Re-defining the “C” in C-Store
Convenience surrounds us. It is what we expect from our high street shops and what we demand from our online stores and has become integral to the way we live. Indeed, 71% of UK shoppers now say convenience is more important to them than it was 5 years ago. And whilst online solutions are increasingly “fast” we still want the interaction and connectivity that our local C-store provides.
It seems ironic then, that it has taken the convenience of online shopping to make us realise what we want from real, not virtual, shops. Right now, convenience isn’t just about serving an immediate need, it is about building an emotional connection and creating a social space that we want to visit. No-compromise convenience is no longer just about selling us “stuff” we need. We want the best quality; the best choice; the best value; the best for our community and the best for our health as well as wanting it now.
So how are brands and retailers responding to our challenging demands?
One of our favourite convenience stories is the success of Eat 17. Founders Chris O’Conner and James Brundle really have re-invented the c-store format. Since opening their first neighbourhood grocery store in 2006, they have worked hard to create 4 “locals” (with more on the way), each with their own distinct look to reflect the character of where they live. Eat 17 is proud to be “not your average store”. Their aim is to put proper food on your plate and this means doing things “the right way”; thinking local, collaborating with fellow pioneering businesses and taking great pride in the look and feel of each store. They don’t compromise.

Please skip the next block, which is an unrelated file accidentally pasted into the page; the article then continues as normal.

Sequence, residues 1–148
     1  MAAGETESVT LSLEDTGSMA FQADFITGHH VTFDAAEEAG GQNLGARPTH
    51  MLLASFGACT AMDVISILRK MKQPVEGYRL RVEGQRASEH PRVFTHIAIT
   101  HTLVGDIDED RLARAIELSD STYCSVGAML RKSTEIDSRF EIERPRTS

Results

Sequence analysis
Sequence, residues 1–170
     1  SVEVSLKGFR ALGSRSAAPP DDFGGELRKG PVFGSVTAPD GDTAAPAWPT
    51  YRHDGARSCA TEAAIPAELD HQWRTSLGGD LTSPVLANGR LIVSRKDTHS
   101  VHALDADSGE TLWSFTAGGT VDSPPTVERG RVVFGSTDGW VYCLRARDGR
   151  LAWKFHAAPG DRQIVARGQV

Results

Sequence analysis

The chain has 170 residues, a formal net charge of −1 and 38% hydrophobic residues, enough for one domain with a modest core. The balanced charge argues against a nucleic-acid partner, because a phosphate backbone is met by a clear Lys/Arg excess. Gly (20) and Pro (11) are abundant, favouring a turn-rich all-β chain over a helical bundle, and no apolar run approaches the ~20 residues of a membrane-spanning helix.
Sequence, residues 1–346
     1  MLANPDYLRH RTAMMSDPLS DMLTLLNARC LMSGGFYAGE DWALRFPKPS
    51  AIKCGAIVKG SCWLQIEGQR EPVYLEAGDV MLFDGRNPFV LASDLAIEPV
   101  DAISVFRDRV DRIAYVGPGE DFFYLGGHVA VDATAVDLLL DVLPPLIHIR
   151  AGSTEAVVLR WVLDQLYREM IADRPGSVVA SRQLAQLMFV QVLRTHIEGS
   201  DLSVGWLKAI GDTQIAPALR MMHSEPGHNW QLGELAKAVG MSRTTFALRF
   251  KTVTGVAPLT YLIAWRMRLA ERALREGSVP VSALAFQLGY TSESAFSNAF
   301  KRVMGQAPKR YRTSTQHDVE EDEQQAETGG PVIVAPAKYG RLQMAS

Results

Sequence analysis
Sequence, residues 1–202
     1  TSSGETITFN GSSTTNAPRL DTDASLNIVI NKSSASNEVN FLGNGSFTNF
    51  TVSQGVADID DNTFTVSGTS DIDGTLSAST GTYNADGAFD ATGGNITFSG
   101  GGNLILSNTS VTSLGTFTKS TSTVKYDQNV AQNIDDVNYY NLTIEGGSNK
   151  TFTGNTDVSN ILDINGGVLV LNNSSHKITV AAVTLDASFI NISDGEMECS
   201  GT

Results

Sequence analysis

We visited the Hackney store, which lives in a family-run Spar and is situated in a 100 year old art-deco electric cinema, which they have helped restore to it’s former glory. It is a vibrant, exciting space with a distinct market-place feel, selling local seasonal products for real foodies alongside everyday family essentials.
And “doing things the right way” means having refillable wine stations by Borough wines; having flowers from local florist Rebel Rebel, as well as a vast array of locally sourced high quality produce. This also includes creating their own Eat 17 range of products. In fact, their Bacon Jam has such a following that it is now stocked in over 1500 retail outlets throughout the UK.
Eat 17 shows us how “no-compromise” hyper-local convenience really works and has been described as “‘the future template for the metro convenience sector’ by Adam Leyland, editor of The Grocer. However, the hyper-local approach isn’t new. It’s just taken time for us to realise what it really means.
The Lincolnshire Co-op knows the importance of a hyper-local approach. It has seen such demand for locally made products that it has incorporated them into each category with point of sale that tells each Maker’s story, helping customers make an emotional connection to what they’re buying. There are now over 40 local suppliers who together supply over 180 products from beer to crisps, cheese to chutney. The demand creates a convenient solution for local producers too, “A successful local economy is good for everyone. We know that our Love Local range gives producers a route into a wider market and keeps what’s made here, here..” , says Lincolnshire Co-op’s chief retail officer Mark Finn.
So, things are changing as we see the success and ultimate survival of our local C-store depend on the re-evaluation of what we really mean by “convenience”.
The future definition of “C” will be all about community, conscience and connectivity. Retailers, both big and small, will need to create engaging spaces that we can fall in love with; that we want to visit as well as needing to. And we’re hoping that there will be an Eat 17 near us soon!
Image(s) sources: Eat17